After 37 years, Robert Mugabe's tenure as president of Zimbabwe could be coming to an end. The 93-year-old was placed under house arrest by the army on Wednesday as part of what it said was an effort to root out corruption and criminality in the governing Zanu-PF party.
The military's actions not only prompted Mugabe's expulsion from Zanu-PF's Central Committee, but also demands that he be impeached.
Thousands of Zimbabweans flooded the streets of the capital Harare on Saturday calling on Mugabe to resign, but he defied expectations on Sunday in an address to the nation. Flanked by military officers, he acknowledged criticism of his government but did not mention his own position.
"We must learn to forgive and resolve contradictions real or perceived in a comradely Zimbabwean spirit", he said, adding that he planned to preside over the party's congress in December.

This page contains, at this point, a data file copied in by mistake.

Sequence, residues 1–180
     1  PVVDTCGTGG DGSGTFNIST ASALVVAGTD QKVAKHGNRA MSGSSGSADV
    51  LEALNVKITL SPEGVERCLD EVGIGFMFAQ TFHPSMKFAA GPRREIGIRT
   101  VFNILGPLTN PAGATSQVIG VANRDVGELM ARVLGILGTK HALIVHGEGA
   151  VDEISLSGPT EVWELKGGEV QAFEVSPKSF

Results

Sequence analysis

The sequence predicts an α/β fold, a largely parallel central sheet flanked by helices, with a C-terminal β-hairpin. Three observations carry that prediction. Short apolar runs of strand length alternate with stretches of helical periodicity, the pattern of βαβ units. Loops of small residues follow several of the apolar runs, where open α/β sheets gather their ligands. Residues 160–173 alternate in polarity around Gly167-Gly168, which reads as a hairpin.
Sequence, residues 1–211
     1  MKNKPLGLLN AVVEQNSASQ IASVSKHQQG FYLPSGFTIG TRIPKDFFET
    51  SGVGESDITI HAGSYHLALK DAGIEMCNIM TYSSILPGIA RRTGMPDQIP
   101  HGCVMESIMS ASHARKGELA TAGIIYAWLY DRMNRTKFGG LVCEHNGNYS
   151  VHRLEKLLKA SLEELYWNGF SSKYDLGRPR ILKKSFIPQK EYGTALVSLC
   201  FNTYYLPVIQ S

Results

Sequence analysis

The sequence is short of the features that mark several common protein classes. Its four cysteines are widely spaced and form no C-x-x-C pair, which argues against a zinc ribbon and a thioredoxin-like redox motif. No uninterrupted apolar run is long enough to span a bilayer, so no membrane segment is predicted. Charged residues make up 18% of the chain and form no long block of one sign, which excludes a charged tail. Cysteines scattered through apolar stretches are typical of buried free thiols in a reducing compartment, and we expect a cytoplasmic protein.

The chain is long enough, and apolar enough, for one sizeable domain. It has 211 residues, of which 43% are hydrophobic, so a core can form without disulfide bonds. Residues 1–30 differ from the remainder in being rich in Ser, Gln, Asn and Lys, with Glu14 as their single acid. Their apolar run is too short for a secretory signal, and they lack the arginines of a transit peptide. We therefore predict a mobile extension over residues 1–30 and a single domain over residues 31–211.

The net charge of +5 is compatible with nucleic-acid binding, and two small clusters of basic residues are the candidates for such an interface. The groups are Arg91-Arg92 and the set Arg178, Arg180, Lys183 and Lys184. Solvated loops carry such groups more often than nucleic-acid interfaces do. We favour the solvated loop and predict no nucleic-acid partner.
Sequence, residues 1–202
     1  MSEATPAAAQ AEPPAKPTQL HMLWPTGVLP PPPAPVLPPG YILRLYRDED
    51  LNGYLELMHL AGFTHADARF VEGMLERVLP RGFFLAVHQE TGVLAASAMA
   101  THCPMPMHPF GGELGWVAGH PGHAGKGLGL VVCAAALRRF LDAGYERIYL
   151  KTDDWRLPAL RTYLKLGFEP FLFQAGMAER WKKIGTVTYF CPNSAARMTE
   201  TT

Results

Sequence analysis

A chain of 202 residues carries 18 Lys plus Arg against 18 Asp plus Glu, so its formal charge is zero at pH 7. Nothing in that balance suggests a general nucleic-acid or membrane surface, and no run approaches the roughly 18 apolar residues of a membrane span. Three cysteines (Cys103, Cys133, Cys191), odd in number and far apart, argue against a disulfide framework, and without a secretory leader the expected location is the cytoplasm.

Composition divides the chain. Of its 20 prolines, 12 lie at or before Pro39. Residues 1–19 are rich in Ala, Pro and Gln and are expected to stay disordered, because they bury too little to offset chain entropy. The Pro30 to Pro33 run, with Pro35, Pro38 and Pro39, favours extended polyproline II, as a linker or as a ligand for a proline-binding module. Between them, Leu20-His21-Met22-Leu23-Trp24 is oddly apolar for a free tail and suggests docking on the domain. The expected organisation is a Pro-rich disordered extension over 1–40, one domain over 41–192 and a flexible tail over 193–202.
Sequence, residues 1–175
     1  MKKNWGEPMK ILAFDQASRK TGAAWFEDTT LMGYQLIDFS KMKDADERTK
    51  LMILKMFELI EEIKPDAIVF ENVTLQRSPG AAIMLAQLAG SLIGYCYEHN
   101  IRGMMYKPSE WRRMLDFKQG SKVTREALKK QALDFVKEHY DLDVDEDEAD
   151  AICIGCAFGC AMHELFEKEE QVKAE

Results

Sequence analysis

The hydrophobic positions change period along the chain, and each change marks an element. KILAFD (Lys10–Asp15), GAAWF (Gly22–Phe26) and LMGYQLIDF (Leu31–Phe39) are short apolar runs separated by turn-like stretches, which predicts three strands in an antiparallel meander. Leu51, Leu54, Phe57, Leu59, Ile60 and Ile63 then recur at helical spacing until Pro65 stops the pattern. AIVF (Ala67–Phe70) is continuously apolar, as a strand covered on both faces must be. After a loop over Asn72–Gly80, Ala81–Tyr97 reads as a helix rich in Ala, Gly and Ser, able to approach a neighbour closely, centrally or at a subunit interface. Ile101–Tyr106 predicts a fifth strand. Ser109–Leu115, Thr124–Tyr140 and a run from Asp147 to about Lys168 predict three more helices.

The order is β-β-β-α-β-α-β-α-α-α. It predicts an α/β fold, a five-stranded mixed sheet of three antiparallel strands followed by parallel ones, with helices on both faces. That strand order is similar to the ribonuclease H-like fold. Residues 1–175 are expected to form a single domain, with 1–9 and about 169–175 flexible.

According to Zanu-PF, those "contradictions" include an alleged plan to position First Lady Grace Mugabe as his successor at the expense of Vice President Emmerson Mnangagwa, whose sacking on 6 November is widely believed to have prompted the military's action. "It could be a plan [Mugabe is] working on to exit gracefully, or it could also be that he doesn't understand there is such a massive unhappiness", Al Jazeera's Haru Mutasa told The Stream from Harare.
But observers say Zimbabwe is bigger than Mugabe – and his potential removal from office will not necessarily be a panacea for the nation's ills. Although he remains a father figure and anti-colonial hero for some Zimbabweans, he's also accused of political crackdowns and presiding over a sputtering economy beset by hyperinflation, debt and youth unemployment.
So what happens if he goes, and what sort of country do people want now? The Stream discusses with a panel of Zimbabweans.